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Modelling sundials: ancient and modern errors

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Three systems of celestial coordinates, the ecliptical, the equatorial and the horizontal, as well as their projection onto the shadow-receiving plane, define the geometry of sundials' construction. A new method is proposed to model planar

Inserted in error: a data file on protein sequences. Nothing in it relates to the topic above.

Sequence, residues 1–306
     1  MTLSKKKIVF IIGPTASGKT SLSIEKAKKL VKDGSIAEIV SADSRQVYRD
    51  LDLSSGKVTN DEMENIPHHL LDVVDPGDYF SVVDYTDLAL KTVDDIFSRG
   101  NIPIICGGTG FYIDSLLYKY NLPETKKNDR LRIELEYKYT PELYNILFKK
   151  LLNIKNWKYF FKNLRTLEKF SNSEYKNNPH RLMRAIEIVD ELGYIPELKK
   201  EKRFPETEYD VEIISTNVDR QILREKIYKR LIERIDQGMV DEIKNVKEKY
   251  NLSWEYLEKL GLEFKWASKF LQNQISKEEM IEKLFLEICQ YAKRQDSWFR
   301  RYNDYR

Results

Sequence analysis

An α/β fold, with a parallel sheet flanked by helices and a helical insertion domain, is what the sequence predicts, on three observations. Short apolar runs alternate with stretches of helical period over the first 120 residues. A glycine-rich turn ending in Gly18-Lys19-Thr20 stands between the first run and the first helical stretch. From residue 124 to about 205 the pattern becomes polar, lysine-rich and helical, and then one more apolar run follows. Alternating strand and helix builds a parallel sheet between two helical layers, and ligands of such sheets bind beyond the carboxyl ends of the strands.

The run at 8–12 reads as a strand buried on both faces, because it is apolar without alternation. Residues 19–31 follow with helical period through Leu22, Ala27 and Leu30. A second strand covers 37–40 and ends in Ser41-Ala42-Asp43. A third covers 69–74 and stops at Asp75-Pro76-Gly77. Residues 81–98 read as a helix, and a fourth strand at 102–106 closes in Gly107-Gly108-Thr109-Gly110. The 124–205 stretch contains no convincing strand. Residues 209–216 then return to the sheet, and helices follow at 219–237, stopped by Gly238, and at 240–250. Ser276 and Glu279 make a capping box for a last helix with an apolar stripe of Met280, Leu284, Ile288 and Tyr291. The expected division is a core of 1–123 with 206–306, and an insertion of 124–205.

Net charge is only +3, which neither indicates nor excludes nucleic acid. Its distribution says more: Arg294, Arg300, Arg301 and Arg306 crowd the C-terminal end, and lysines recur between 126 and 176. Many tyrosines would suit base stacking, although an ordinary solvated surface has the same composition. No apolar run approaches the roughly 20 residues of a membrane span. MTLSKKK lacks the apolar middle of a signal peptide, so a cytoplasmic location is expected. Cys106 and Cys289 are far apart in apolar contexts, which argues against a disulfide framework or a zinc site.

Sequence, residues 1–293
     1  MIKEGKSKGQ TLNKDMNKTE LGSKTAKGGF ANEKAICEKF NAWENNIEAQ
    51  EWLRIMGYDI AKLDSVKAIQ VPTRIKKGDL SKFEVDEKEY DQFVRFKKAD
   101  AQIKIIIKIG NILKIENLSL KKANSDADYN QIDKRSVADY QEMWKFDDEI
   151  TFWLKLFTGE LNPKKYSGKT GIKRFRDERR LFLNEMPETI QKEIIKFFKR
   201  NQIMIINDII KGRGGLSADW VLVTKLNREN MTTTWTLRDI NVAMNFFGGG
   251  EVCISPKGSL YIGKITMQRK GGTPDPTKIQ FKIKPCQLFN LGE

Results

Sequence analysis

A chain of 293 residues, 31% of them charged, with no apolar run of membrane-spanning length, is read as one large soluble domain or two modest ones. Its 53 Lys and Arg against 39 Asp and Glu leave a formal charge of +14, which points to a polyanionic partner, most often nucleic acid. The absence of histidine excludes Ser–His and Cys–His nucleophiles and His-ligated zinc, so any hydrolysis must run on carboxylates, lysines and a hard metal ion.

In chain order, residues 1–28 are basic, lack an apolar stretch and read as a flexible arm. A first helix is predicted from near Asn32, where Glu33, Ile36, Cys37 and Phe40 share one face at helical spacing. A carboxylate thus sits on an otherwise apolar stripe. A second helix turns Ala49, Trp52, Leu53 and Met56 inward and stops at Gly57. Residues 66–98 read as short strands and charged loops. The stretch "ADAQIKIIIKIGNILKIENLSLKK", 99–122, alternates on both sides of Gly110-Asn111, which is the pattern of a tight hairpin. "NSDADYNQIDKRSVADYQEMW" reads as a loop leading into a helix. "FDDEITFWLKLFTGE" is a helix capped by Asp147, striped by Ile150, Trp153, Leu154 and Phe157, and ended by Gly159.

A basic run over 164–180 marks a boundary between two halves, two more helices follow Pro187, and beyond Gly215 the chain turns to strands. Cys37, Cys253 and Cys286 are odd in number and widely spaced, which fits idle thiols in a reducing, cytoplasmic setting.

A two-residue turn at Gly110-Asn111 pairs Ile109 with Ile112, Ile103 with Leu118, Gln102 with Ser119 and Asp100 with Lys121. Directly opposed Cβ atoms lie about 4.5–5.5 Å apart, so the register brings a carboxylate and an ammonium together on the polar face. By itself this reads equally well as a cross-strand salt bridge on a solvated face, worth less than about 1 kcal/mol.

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  Modelling sundials: ancient and modern errors Irina Tupikova & Michael Soffel Lohrmann Observatory, TU Dresden ABSTRACT. Three systems of celestial coordinates, the ecliptical, the equatorial and the horizontal, as well as their projection onto the shadow-receiving plane, define the geom-etry of sundials’ construction. A new method is proposed to model planar sundials with arbitrarily oriented planes and shadow-casting parts based on a simple vector equation in combination with the application of a sequence of rotational matrices. This method allows one to draw the shadow maps for sundials with errors due to wrong determination of ge-ographical latitudes or erroneous construction. Applications for modelling some ancient sundials are considered and their shadow maps are discussed. Contents 1 Introduction 12 Mathematical solution 23 The sundial of Amphiareion 84 The Egyptian shadow-clock 135 Conclusion 21 1 Introduction According to J. Needham, 1 three systems of celestial coordinates - the equatorial, the ecliptical and thehorizontal - were used preferentially for surveying purposes by the Chinese, Greek and Arabic culturesrespectively. This point of view now appears to be oversimplified (Hipparchus’ system was, e.g., un-doubtedly equatorial); what one can, however, say with certainty is that the spatial thinking of thesecivilizations was impacted by their respective preferred coordinate systems. In particular, however, themanufacturing of sundials, which has been observed in all three cultures, requires working knowledge andunderstanding of the interplay between all three systems:- the equatorial system (because the visible daily motion of the Sun lies on a circle parallel to theequator),- the ecliptical system (because the annual motion of the Sun lies on the ecliptic),- the local horizontal system (because the horizon constrains the visible path of the Sun).The orientation of the equatorial plane relative to the local horizontal plane is given by the angle 90 ◦ − ϕ ,where  ϕ  is the geographical latitude of the location. Thus, the correct determination of the latitude of theplace where a sundial was to be installed was of crucial importance. Whereas the geographical latitudes 1 “ Astronomy in ancient and medieval China  ”, Phil. Trans. R. Soc. Lond. A.  276 , 67–82, 1974. 1  of famous localities were known, 2 the locations of smaller cities had to be guessed or extrapolated on thebasis of distances to the known cities. This was, in fact, the primary purpose of geographical mappingin antiquity.The inclination of the ecliptic relative to the plane of the celestial equator, approximately 23 . 5 ◦ , waswell known in antiquity. In the analemma construction of Vitruvius, 3 it was taken to be 24 ◦ for purelygeometrical reasons – the central angle over the side of a regular 15-gon was easy to construct by compassand straightedge and therefore seen as a convenient and elegant approximation. The correct orientationof a sundial relative to the north-south direction as well as the calibration of the daily and hourly curves,however, demanded the usage of astronomical methods.The local horizontal plane could be determined to a very high degree of precision with various technicaltools available in antiquity and used primarily in architecture. 4 The direction perpendicular to the localhorizon (that is, the local zenith direction) is even simpler to determine as the upward direction of theplumb line.Finally, the shadow map of a sundial depends on the position of the shadow-receiving plane whichshould be specified relative to the coordinate systems involved. The mathematical tools would therefore beapplied to the engineering solution based on the information provided by geographical and astronomicaldata. Because the visible daily motion of the Sun also determines the position of the hour lines onthe shadow receiving plane, we have chosen the equatorial plane as the primary reference plane forconstructing a mathematical model for the different kinds of sundials. The position of the Sun in themodern equatorial coordinate system is given by the declination  δ   relative to the equatorial plane andthe hour angle  h  measured towards the west from the meridian transition (that is, culmination) of theSun (see Fig. 1). NSNCP δ h Figure 1: Coordinates in equatorial system: declination  δ   and hour angle  h .The method will be applied to two different sundials: the equatorial sundial of Amphiareion and theold Egyptian shadow-casting instrument. 2 Mathematical solution Let us consider a standard equatorial sundial - that is, one with the shadow-receiving plane lying parallelto the celestial equator and the shadow-casting part (gnomon) parallel to the rotational axis of the Earth.The coordinate system used in the mathematical solution which will be proposed in the text is illustratedin Fig. 2. 2 The geographical latitudes were determined (and unambiguously defined in this way) as the ratio of the length of agnomon to that of its shadow at equinox, or as the ratio between the length of the longest day of the year and the shortestday. To find out the geographical longitudes, on the other hand, one requires either simultaneous astronomical observationsof eclipses at different locations or knowledge of the circumference of the Earth together with the directions and distancesbetween the localities. 3 On Architecture  , IX, 7. 4 See, e.g., Lewis M. J. T.,  Surveying Instruments of Greece and Rome  , Cambridge University Press, 2001. 2  EWNSxyzNCP 90° -  Figure 2: Orientation of an equatorial sundial relative to the horizontal plane. The gnomon is directedalong the rotational axis of the Earth towards the north celestial pole (NCP). The geographical latitudeof the location is  ϕ .We will now introduce a  left-handed   Cartesian coordinate system with the x-axis directed towards thesouth, the y-axis towards the west and the z-axis directed towards the northern celestial pole. Let usfurthermore introduce a unit vector in the gnomon’s direction, e g  =  001  , and a unit vector in the Sun’s direction defined in the standard way in terms of the Sun’s equatorialcoordinates as e s  =  cos δ  cos h cos δ  sin h sin δ   . While the orientation of the gnomon vector remains constant, the vector in the Sun’s direction will,naturally, change its orientation with time. The equation for a sunbeam that, coming from the Sun, goesthrough the gnomon’s tip can be written in vector form as x ( λ ; δ,h ) =  λ e s  + e g , where  λ  ∈ R  is a numerical parameter. The geometry of the problem is shown in Fig. 3. A sunbeam hits NSNCP δ e s e g x Figure 3: Coordinate system used to obtain a vector solution for a shadow model.the equator plane  z  = 0 when the  z -component of the vector  x  attains zero: λz s  +  z g  = 0 . 3  With  z s  = sin δ   and  z g  = 1, one obtains the corresponding value for  λ  : λ ∗ =  − 1sin δ . This value for  λ  allows us to calculate the  x - and  y -components of the end of the shadow in the equatorialplane as x ( λ ∗ ) =  λ ∗ cos δ  cos h  =  − cot δ  cos h,y ( λ ∗ ) =  λ ∗ cos δ  sin h  =  − cot δ  sin h. Combination of these two formulae gives the shadow’s equation x 2 +  y 2 = cot 2 δ, which describes a circle with radius  R  = cot δ   around the point  x  = 0 , y  = 0. The visualization 5 of thiswell-known result for an equatorial sundial placed at latitude 40 ◦ is shown in Fig. 4. At our latitudes, theFigure 4: Numerical results for an equatorial sundial mounted at latitude 40 ◦ . Left: summer side. Right:winter side.part of an equatorial sundial oriented towardsnorth (the summer side) exhibits circular shadow paths withlengths larger than corresponding semicircles, whereas the winter side (lying opposite) exhibits shadowpaths with lengths shorter than corresponding semicircles. This observation can be easily understoodwith the help of Fig. 5. The method described above can be easily adopted for planar sundials inclinedarbitrarily relative to the equatorial plane. A horizontal sundial, for instance, can be obtained with asimple rotation of an equatorial sundial around the y-axis by an angle  θ  =  − (90 ◦ − ϕ ) (Fig. 6). Thisrotation can be realized with the help of a rotational matrix  R y ( θ ), given, in our case, by R y ( θ ) =  cos θ  0 sin θ 0 1 0 − sin θ  0 cos θ  . Assuming that the gnomon is kept at a right angle to the shadow-receiving plane (normally, that will bethe case because right angles are the most simple to realize), the unit vector in the gnomon’s directionin the new coordinate system is given again by e 1 g  =  001  , 5 All the shadow maps in the text are normalized relative to the height of a gnomon adopted as unity. The 0-point liesat the basis of the gnomon. The computations are made with the help of the computer algebra system MAPLE 12; theprograms can be made available on request. 4  Horizondl90-  ϕϕ tan ϕ = d/l = ddVisible shadowsHorizonGGHorizondl90-  ϕϕ tan ϕ = d/l = ddVisible shadowsHorizonGG Figure 5: Visible shadow paths for an equatorial sundial mounted at latitude  ϕ  on the northern hemi-sphere. Left: summer side. Right: winter side. The distance  d  = tan ϕ  gives the displacement betweenthe line which bounds the visible shadow paths and the point  G  which lies at the basis of a gnomon withlength  l  = 1. The daily shadow curves are segments of circles with radius  R  = cot δ   around the basis of the gnomon. The Sun’s declination  δ   is assumed to remain constant over the course of a day. EWxyzNCP 90° - ϕ EWNSxyZ Figure 6: Transformation from an equatorial to a horizontal coordinate system by a rotation about they-axis by an angle of   − (90 ◦ − ϕ ).5